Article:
Q & A with Absinthe's Jeff Hollinger
May 12, 2008
Jeff Hollinger in action.
Photo courtesy of Frankie Frankeny.
Jeff Hollinger, the bar manager at Absinthe and co-author of the must-have bar book, The Art of the Bar, is the man behind SF’s second annual Cocktail Week, a seven day tribute to libations and the people that make them. This year’s SF Cocktail Week runs from Tuesday, May 13 to Monday, May 19th. For a full schedule of events and ticket information, visit sfcocktailweek.com.
What is San Francisco cocktail culture?
What sets SF apart is that we have a tight knit group of bartenders that share information with each other. We have different philosophies: Some of us are doing different things from one another, but we love to go out and eat, we love to try one another's cocktails and we love to visit wineries. The thing about this city is that the general public gets it—the public is really food and drink savvy—and that's something you don't get in other cities. People have made a big deal about how [the cocktail culture] is different here, but I've talked to people all over the country and people are doing the same things. It’s a load of crap—can you put it directly as that? We're doing similar things all over the place.
What SF Cocktail Week event are you most looking forward to?
Saturday, May17th, we're doing an event at the Hotel Rex, a discussion about San Francisco's cocktail culture and literature with Dave Wondrich, who just wrote a book about Jerry Thomas [the San Francisco bartender who wrote the first American book of cocktail recipes in 1862]. Ed note: Get tickets ($30) here.
How is a mixologist different from a bartender?
[It's] not the same thing—absolutely not. There's a lot of confusion about the two terms right now. Bartending is not always about making a good cocktail. A bartender should understand service and how to finesse a group of people sitting at the bar … if people aren't having a great experience it doesn't matter how sophisticated your drinks are.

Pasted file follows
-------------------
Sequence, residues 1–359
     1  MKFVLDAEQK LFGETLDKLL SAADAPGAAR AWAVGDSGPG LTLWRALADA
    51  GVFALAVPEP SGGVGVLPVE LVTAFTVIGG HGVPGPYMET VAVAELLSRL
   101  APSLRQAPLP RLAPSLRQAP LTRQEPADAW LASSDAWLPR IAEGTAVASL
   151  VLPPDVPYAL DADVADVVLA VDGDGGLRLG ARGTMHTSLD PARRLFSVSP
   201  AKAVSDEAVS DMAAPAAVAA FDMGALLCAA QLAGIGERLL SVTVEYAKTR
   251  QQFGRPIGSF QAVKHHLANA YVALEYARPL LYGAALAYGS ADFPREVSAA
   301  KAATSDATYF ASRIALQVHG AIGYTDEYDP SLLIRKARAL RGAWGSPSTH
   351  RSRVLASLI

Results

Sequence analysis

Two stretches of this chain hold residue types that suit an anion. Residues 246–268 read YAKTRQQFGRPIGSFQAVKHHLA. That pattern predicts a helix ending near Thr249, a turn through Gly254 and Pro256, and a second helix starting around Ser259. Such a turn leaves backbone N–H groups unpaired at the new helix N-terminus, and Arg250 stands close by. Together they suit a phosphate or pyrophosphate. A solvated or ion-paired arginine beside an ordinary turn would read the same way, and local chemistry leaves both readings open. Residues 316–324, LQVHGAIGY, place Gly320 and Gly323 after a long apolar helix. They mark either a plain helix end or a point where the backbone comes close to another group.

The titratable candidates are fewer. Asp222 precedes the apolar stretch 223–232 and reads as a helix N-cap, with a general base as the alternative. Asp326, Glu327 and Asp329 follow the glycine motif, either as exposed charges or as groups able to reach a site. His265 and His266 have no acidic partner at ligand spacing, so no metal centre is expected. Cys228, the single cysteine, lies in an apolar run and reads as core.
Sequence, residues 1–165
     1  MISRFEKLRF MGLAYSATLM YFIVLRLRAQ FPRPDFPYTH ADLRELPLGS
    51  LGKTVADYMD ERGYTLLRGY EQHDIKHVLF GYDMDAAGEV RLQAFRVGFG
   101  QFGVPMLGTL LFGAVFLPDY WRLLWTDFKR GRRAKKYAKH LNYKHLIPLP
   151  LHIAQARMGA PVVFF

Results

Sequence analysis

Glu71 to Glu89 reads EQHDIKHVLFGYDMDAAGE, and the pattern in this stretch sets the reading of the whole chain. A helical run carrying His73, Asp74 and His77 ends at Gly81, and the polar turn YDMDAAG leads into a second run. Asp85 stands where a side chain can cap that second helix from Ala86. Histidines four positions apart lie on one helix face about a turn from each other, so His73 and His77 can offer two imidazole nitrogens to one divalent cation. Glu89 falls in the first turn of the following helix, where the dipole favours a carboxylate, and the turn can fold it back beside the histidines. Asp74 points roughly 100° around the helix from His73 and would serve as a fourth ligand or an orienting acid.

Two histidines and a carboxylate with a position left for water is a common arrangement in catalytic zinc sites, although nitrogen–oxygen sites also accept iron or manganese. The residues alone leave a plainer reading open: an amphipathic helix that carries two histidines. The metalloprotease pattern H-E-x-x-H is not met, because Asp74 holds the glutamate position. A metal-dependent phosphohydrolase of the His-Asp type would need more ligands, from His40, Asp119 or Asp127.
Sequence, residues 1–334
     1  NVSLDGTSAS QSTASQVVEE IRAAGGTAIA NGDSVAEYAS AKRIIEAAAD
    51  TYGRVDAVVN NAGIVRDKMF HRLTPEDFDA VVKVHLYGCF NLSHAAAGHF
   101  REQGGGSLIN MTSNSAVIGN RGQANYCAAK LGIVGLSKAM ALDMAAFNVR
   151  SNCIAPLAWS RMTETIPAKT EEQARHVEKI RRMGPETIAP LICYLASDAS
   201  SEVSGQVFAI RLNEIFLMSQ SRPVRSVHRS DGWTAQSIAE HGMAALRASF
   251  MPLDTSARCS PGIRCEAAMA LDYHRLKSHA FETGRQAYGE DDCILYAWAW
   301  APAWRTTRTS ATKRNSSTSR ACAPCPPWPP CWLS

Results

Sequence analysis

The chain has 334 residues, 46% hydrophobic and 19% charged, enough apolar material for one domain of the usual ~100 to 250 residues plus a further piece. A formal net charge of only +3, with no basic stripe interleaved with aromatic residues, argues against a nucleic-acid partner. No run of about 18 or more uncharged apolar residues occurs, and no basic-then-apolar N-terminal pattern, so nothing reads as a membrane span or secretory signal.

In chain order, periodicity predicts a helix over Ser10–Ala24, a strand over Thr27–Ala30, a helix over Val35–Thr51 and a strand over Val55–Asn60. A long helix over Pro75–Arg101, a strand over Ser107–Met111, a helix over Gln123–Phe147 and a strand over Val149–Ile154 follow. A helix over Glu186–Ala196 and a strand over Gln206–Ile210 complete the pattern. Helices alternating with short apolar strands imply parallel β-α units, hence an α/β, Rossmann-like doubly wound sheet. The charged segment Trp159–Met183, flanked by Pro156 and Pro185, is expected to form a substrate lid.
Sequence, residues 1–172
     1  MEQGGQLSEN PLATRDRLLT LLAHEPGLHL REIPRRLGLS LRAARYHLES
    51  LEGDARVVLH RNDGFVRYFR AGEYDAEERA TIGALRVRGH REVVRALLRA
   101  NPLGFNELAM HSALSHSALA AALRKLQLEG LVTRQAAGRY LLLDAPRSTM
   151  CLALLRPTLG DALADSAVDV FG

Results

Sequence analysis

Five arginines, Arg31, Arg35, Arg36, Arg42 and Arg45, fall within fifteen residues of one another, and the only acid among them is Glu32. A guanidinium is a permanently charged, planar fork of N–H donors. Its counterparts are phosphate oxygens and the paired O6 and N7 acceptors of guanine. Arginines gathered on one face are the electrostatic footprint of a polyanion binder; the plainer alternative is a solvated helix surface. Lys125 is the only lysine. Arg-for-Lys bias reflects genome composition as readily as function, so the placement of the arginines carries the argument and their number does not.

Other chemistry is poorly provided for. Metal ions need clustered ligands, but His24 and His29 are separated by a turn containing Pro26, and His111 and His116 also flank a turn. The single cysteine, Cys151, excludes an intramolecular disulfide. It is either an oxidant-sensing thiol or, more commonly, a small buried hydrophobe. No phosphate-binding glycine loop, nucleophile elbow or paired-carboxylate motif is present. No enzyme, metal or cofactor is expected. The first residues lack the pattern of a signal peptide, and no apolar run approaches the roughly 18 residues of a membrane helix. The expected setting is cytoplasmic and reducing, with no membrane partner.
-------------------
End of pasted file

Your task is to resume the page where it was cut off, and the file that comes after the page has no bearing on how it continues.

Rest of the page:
Mixology is really just the ability to create new cocktails—you can be a mixologist and never have stepped behind the bar in your entire life. A mixologist has an understanding of the ingredients and the creativity to come up with new cocktails. He doesn't have to be personable or know how to provide someone with a great experience.
Where do you get your cocktail ideas?
Mostly. I love to cook. I've been big into playing around with vinegars—cocktails using balsamic vinegar—because I wanted to play around with ideas of acid in the cocktail that wasn't just citrus.
So is vinegar a hot new ingredient?
Yeah, which kind of bums me out a bit.
Because that was my thing! It's cool that people are doing it but the reason why it bums me out is because you're going to start to see people making vinegar cocktails that aren't very good.
Let's play a game. I'm going to give you a word and you give me the first drink association that comes to mind.
Vodka: Why? It's flavorless so why?
Bourbon: Yummy good
Rum: Rum make you dumb. It's an old saying.
Bitters: Essential in cocktails.
Hot Drinks: I'm not a fan.
Frozen Drinks: Everybody needs a good blender party.
Democrat: Old Fashioned.
Hangover: Definitely Bloody Mary.
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